# Multimaterial 4D Printing

**Shape-shifting Structured Lattices via Multimaterial 4D Printing**

##### J. William Boley^{a,b,c,1}, Wim M. van Rees^{b,d,1}, Charles Lissandrello^{e}, Mark N. Horenstein^{f}, Ryan L. Truby^{b,c}, Arda Kotikian^{b,c}, Jennifer A. Lewis^{b,c,2}, and L. Mahadevan^{b,g,h,i,2}

^{a}Department of Mechanical Engineering, Boston University, Boston, MA 02215;

^{a}Department of Mechanical Engineering, Boston University, Boston, MA 02215;^{b}Paulson School of Engineering and Applied Sciences, Harvard University, Cambridge, MA 02138;

^{b}Paulson School of Engineering and Applied Sciences, Harvard University, Cambridge, MA 02138;^{c}Wyss Institute for Biologically Inspired Engineering, Harvard University, Cambridge, MA 02138;

^{c}Wyss Institute for Biologically Inspired Engineering, Harvard University, Cambridge, MA 02138;^{d}Department of Mechanical Engineering, Massachusetts Institute of Technology, Cambridge, MA 02139;

^{d}Department of Mechanical Engineering, Massachusetts Institute of Technology, Cambridge, MA 02139;^{e}Biological Microsystems, Charles Stark Draper Laboratory, Cambridge, MA 02139;

^{e}Biological Microsystems, Charles Stark Draper Laboratory, Cambridge, MA 02139;^{f}Department of Electrical and Computer Engineering, Boston University, Boston, MA 02215;

^{f}Department of Electrical and Computer Engineering, Boston University, Boston, MA 02215;^{g}Department of Physics, Harvard University, Cambridge, MA 02138;

^{g}Department of Physics, Harvard University, Cambridge, MA 02138;^{h}Department of Organismic and Evolutionary Biology, Harvard University, Cambridge, MA 02138;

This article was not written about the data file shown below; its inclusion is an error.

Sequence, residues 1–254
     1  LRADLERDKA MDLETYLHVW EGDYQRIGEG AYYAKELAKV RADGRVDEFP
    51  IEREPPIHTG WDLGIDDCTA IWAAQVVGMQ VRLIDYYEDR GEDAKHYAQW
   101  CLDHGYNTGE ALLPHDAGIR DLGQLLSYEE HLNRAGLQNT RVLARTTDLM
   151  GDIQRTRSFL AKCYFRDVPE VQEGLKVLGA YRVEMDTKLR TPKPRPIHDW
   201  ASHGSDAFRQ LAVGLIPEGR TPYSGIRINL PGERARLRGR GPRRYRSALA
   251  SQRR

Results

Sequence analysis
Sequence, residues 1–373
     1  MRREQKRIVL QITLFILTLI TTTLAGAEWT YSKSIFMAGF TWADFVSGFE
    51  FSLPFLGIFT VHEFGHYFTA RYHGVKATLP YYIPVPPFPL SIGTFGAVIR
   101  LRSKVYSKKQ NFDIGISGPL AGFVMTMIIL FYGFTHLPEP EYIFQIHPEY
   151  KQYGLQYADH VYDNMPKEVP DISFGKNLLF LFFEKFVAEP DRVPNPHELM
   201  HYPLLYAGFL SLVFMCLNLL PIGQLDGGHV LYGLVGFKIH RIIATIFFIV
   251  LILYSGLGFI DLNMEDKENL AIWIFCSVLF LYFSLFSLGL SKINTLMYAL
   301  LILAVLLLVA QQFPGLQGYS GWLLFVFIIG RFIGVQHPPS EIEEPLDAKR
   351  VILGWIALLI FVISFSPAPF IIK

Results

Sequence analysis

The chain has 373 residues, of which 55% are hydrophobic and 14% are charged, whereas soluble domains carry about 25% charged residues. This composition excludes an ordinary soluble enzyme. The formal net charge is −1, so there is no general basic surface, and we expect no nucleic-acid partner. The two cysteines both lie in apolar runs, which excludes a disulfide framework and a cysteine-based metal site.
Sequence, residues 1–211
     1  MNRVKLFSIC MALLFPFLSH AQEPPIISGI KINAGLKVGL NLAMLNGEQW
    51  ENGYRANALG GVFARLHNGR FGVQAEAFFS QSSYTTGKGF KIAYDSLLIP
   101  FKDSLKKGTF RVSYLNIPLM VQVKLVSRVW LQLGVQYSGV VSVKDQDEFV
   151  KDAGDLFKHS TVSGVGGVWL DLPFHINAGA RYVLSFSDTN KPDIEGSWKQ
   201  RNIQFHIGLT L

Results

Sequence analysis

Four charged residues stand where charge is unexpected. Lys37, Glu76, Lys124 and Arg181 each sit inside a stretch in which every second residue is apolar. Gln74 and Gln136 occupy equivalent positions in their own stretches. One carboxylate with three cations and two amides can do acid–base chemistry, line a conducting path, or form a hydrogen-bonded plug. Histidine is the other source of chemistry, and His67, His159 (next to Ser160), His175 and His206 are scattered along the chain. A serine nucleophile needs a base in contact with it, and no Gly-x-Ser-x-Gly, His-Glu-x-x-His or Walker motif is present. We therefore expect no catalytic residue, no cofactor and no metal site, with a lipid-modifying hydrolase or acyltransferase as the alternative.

^{h}Department of Organismic and Evolutionary Biology, Harvard University, Cambridge, MA 02138;^{i}Kavli Institute for Nano-bio Science and Technology, Harvard University, Cambridge, MA 02138

^{i}Kavli Institute for Nano-bio Science and Technology, Harvard University, Cambridge, MA 02138

**Fig. 1. Printable elastomeric inks with tailored α and E. (A) Schematic of a multimaterial 4D printing lattice structure, with ribs depicted as being 2 filaments wide and 2 filaments tall. (B) Micrograph of printed fiber-filled filament showing alignment of glass fibers, where k corresponds to the print direction and ⊥ is perpendicular to the print direction. (C) Resulting alignment probability density from B showing that the glass fibers align with the print direction, where a 0° angle corresponds to k. (D) Schematic illustrating varying of x-link to base ratio by weight (x-link:base by weight) for the elastomer matrix. (E) Measured α for different ink formulations as a function of x-link:base by weight. Lines represent linear fits to experimental data of the corresponding color. (F) Measured E of different ink formulations as a function of x-link:base by weight. Lines represent exponential fits to experimental data of corresponding color.**

Shape-morphing structured materials have the ability to transform a range of applications. However, their design and fabrication remain challenging due to the difficulty of controlling the underlying metric tensor in space and time. Here, we exploit a combination of multiple materials, geometry, and 4-dimensional (4D) printing to create structured heterogeneous lattices that overcome this problem.

Our printable inks are composed of elastomeric matrices with tunable cross-link density and anisotropic filler that enable precise control of their elastic modulus (E) and coefficient of thermal expansion (α). The inks are printed in the form of lattices with curved bilayer ribs whose geometry is individually programmed to achieve local control over the metric tensor.